The Spiritual Life of Long-Distance Runners

In a recent New Yorker article, Adam Alter explores the psychological and spiritual motivations of ultra-marathon runners, that is, people who run distances longer than the conventional marathon (26.2 miles) in races that sometimes last hundreds and even thousands of miles.  Alter, who is associate professor of marketing at the Leonard Stern School of Business, where he also has an affiliated appointment in the psychology department, asks the “obvious question,”  why would someone choose to do this?

But the really interesting question is, why would professor Alter want to know?

After all, the questions we ask reveal a lot about who we are and what we seek.

In his search for the answer, “why,” Alter turns to fellow psychologists, who provide some thoughts on motivation and happiness (although as scientists, their answers help little with questions of spirituality).  He talks about Sri Chinmoy, the spiritual leader who founded a modern self-transcendence movement and organized ultramarathons of up to 3,100 miles.  And he interviews a handful of experienced ultra-runners.

But the crux of the article comes when he acknowledges that the question itself is likely unanswerable:

I’ve yet to meet an ultrarunner who doesn’t find the experience to be, in some sense, spiritual. Still, billions of people have spiritual feelings without courting great physical hardship—and there are ways of understanding ultrarunning that don’t depend on spirituality.

— Adam Alter, “The Spiritual Life of The Long-Distance Runner”

In other words, the spiritual life of a long-distance runner might not be different from that of a non-runner.  Or, alternatively, the spiritual life of one ultra-runner might be totally different from that of another ultra-runner.  If there’s not a distinctive correlation between ultra-running and spirituality, then Alter’s question “why” becomes pointless:  it’d be like trying to draw a regression line through a cloud of random data.

As an analyst, I’m left wondering why ask a question that can’t be answered?

This doesn’t mean Alter’s article isn’t interesting.  My favorite part is when he turns to his own experience.  He’s preparing for the NYC marathon with a 22-mile training run, when after two hours, he’s surprised to find himself “running strong,” and not only that, but also feeling “suddenly elated.”

For the first time that day, I stopped paying attention to my ragged breathing; instead, I enjoyed the view of distant blue peaks across deep, green ravines… I’m not a religious person, but that was, without doubt, a spiritual moment in my running career. It’s the only time I can remember feeling guided by something larger than myself.

— Adam Alter, “The Spiritual Life of The Long-Distance Runner”

Alter goes on to quote a few more psychologists, but by the end of the essay, he’s moved away from the question of spirituality, and is now asking about the “search for meaning” (although, this is just rephrasing the original question with a different set of words).

I’m still curious:  what is he looking for?

Finally,  he answers my question:

In the developed world, many of us spend the vast majority of our lives in a comfortable equilibrium.  That comfort allows us to focus on issues that might seem trivial to people who struggle to survive. We wonder when to upgrade our smartphones, contemplate a second helping of dessert, and ask ourselves if we should run four or five miles tomorrow morning.  Faced with a string of these superficial decisions, many people become introspective. They begin to question whether their lives are meaningful.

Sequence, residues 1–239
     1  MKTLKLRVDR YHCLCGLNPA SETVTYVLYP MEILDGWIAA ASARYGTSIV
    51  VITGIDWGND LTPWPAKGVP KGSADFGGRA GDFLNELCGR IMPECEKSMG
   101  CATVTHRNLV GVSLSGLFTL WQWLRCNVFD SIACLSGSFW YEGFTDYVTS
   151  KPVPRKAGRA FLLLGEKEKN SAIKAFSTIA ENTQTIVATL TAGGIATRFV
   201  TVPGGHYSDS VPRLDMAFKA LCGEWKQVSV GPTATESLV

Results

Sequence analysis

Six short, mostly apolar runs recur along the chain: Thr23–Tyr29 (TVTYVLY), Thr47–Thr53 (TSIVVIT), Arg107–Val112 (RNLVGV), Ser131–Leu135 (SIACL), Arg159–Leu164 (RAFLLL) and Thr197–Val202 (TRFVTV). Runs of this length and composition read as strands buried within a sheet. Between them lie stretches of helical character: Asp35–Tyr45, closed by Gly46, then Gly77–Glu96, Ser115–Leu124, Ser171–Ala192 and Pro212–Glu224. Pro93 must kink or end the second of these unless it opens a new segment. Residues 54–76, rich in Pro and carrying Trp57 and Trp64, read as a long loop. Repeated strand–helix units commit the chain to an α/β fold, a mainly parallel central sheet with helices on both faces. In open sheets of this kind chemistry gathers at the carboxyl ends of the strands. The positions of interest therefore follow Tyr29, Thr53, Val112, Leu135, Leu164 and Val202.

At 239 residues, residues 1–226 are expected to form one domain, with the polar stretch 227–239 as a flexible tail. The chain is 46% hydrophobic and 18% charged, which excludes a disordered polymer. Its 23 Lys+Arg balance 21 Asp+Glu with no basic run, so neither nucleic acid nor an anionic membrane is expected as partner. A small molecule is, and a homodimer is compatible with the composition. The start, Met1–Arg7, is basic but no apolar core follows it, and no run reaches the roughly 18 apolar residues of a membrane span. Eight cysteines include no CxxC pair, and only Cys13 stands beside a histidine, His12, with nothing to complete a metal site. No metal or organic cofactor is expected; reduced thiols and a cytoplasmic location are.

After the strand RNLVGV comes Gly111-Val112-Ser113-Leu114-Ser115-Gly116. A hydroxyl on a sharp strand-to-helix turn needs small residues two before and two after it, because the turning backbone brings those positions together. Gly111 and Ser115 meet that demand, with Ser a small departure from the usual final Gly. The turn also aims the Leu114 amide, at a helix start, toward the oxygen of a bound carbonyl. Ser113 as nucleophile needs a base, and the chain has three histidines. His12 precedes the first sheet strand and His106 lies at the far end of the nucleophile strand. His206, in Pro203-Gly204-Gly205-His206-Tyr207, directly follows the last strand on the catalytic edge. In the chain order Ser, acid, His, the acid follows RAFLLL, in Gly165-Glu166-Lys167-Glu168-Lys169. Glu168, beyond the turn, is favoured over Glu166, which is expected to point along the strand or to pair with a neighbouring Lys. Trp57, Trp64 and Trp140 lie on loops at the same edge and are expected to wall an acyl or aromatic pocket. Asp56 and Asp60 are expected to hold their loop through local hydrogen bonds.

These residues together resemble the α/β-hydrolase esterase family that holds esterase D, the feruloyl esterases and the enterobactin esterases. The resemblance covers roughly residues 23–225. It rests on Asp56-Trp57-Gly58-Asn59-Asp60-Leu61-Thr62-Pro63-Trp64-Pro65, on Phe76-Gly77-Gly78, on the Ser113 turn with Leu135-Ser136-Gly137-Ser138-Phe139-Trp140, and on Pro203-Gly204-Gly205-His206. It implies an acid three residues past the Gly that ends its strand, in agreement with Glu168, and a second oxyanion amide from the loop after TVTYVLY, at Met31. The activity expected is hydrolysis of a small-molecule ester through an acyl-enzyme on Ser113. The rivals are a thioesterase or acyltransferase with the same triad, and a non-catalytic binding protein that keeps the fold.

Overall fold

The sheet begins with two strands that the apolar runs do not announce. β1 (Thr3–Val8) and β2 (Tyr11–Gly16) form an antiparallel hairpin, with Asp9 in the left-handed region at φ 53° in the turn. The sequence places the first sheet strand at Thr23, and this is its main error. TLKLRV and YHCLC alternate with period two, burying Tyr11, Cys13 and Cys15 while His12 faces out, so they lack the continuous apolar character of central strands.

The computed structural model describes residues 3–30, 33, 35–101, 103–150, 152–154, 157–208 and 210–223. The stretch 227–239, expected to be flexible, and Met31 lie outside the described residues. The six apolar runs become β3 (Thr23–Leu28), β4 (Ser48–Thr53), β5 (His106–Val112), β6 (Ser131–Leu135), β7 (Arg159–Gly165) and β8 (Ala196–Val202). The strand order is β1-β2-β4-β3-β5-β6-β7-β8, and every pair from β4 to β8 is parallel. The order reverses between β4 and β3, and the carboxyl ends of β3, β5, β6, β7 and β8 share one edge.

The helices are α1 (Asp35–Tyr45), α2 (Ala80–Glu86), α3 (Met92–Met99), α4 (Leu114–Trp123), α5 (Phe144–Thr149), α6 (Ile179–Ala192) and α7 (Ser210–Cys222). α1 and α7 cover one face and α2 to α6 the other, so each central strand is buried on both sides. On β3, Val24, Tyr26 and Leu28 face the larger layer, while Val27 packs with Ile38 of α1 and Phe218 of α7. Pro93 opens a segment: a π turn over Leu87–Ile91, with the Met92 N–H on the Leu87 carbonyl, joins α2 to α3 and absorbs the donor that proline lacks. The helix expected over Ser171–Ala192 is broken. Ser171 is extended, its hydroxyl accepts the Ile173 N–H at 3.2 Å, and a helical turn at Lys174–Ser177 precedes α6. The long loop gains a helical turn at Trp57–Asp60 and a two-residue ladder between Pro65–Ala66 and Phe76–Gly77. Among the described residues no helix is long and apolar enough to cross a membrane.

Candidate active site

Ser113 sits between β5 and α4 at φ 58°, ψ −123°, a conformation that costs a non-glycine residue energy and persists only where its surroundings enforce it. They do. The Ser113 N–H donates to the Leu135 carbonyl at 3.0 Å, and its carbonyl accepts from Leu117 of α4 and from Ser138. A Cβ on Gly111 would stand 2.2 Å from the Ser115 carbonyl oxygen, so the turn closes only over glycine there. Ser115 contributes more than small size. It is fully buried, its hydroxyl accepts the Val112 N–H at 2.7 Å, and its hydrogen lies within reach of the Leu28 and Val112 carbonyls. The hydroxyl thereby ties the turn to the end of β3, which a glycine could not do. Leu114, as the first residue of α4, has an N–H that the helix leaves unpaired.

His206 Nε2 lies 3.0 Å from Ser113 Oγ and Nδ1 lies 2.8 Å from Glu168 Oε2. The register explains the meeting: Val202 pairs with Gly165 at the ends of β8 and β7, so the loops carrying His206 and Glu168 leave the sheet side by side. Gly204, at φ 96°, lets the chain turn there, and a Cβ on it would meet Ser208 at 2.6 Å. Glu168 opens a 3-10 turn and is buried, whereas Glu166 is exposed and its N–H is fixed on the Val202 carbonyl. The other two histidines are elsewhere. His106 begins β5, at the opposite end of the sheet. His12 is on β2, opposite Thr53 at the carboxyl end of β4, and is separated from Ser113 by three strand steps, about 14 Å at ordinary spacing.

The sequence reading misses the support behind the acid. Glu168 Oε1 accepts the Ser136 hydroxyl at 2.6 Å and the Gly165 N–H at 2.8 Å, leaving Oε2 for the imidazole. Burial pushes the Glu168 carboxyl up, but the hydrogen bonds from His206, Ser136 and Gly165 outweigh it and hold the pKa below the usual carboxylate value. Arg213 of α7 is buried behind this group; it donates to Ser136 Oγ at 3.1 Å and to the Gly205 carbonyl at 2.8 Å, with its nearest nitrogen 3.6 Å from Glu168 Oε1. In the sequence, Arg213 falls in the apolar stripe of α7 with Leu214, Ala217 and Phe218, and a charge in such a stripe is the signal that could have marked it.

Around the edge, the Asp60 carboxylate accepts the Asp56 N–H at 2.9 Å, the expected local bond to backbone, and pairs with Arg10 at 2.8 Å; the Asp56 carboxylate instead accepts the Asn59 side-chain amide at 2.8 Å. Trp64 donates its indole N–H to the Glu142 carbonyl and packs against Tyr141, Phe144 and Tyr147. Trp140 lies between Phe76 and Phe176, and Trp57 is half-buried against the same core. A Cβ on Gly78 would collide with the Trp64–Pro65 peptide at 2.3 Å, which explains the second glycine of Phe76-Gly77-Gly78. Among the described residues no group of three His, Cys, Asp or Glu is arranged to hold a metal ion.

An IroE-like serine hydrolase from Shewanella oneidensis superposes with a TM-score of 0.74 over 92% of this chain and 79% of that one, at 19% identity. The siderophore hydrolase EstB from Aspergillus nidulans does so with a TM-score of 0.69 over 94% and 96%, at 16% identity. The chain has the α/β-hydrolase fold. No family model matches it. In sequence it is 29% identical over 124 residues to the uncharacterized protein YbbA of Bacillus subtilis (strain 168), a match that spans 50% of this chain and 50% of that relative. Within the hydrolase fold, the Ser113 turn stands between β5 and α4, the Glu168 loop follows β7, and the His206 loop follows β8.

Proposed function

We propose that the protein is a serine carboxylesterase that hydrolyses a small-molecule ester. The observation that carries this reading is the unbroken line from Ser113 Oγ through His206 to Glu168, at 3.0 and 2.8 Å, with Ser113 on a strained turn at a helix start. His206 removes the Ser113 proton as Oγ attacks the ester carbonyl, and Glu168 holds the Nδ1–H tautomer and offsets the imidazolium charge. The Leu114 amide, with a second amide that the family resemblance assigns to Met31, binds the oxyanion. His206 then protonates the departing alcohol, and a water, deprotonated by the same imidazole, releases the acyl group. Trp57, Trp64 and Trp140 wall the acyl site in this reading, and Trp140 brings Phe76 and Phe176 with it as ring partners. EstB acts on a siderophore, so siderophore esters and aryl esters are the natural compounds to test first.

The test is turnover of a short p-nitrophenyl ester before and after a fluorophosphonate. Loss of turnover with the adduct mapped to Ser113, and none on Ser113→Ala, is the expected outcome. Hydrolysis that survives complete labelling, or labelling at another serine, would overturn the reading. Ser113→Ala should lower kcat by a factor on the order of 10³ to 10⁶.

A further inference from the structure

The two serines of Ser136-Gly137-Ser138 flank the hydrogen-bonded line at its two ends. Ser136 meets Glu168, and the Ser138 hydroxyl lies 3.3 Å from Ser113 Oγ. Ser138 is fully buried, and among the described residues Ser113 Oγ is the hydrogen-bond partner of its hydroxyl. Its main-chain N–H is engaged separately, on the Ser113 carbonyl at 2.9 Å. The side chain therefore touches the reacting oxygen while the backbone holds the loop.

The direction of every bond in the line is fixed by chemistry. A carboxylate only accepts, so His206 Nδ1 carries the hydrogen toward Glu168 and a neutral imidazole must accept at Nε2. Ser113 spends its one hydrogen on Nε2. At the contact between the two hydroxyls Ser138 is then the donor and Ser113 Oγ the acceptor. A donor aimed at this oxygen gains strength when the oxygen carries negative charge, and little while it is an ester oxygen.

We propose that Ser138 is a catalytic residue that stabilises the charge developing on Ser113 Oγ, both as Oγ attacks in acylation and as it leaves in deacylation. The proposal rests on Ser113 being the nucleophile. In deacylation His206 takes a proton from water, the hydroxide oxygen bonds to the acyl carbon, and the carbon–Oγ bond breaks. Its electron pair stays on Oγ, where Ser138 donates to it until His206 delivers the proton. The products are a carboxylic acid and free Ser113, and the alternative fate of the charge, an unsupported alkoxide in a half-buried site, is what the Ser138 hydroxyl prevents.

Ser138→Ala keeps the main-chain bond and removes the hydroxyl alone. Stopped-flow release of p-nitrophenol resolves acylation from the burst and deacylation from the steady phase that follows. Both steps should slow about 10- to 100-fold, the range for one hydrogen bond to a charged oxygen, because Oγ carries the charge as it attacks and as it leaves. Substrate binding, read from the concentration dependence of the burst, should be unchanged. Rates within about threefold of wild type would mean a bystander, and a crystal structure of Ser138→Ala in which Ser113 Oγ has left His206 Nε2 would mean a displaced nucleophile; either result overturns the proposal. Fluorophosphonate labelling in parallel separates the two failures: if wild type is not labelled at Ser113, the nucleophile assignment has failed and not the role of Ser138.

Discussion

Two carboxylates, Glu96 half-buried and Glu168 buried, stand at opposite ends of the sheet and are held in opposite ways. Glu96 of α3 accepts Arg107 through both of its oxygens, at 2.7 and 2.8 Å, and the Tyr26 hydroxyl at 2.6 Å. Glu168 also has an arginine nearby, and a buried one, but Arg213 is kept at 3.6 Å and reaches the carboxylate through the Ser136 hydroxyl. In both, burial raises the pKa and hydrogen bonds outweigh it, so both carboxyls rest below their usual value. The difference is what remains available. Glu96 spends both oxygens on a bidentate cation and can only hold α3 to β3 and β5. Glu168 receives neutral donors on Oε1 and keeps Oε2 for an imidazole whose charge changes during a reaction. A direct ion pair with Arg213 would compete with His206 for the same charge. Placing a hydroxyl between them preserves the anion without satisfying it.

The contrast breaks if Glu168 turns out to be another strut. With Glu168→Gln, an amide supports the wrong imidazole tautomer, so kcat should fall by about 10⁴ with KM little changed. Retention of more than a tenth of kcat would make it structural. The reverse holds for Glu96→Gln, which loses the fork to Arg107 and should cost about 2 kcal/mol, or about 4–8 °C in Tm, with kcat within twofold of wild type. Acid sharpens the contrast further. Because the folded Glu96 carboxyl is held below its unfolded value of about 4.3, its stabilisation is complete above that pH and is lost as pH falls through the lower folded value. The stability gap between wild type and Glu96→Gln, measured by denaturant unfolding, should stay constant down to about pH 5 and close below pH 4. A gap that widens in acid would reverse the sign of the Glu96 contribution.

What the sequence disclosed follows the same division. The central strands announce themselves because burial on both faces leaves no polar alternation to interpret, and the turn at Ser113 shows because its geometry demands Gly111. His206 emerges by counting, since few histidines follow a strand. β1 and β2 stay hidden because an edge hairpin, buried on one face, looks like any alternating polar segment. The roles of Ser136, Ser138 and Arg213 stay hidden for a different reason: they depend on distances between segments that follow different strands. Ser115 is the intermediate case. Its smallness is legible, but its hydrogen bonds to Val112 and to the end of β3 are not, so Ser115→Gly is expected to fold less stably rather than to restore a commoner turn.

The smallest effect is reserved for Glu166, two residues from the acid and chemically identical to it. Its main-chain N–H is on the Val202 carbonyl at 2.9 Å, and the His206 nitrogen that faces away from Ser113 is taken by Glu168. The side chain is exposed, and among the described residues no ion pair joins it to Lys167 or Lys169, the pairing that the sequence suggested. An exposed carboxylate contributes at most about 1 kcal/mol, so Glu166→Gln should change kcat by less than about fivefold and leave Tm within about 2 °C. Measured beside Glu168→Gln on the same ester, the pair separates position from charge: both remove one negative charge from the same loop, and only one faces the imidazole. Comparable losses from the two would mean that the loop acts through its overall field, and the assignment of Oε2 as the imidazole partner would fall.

— Adam Alter, “The Spiritual Life of The Long-Distance Runner”

The “comfortable equilibrium” is the basis for our modern industrial-technological society, and it’s a great trade-off if the freedom from discomfort allows you to focus on really important goals.  But it’s not a good thing if it leaves you physically and morally weak, afraid of pain, and unable to mount a major effort in pursuit of your dreams.  That condition is what existentialist philosophers refer to as a state of “alienation.” It’s when you discover that you’ve spent your life plugged into The Matrix, being secretly manipulated while resting in a comfortable state of ignorance.

Philosophers have been warning about the perils of comfort since the Cynics, Stoics, and Epicureans of Ancient Greece.  These warnings were repeated by 19th-century American Transcendentalists, like Henry David Thoreau and his mentor, Ralph Waldo Emerson, who worried that modern people have lost their “aboriginal strength”:

The civilized man has built a coach, but has lost the use of his feet.

— Ralph Waldo Emerson, “Self-Reliance,” 1841

Now that I understand where professor Alter is coming from, I’ve got a question of my own:  why are certain people so curious about the spirituality of ultra-runners?  Could it be that these people have too much comfort in their lives and not enough meaning?

Because when we ask a question about other people, we’re really searching for something within ourselves.

Having made this point, however, now I have to anticipate that professor Alter will have a question for me:  why am I curious about people who are curious about ultra-runners?

The answer is, I need to make sure that every mile I run is truly meaningful.

The Spiritual Life of Long-Distance Runners

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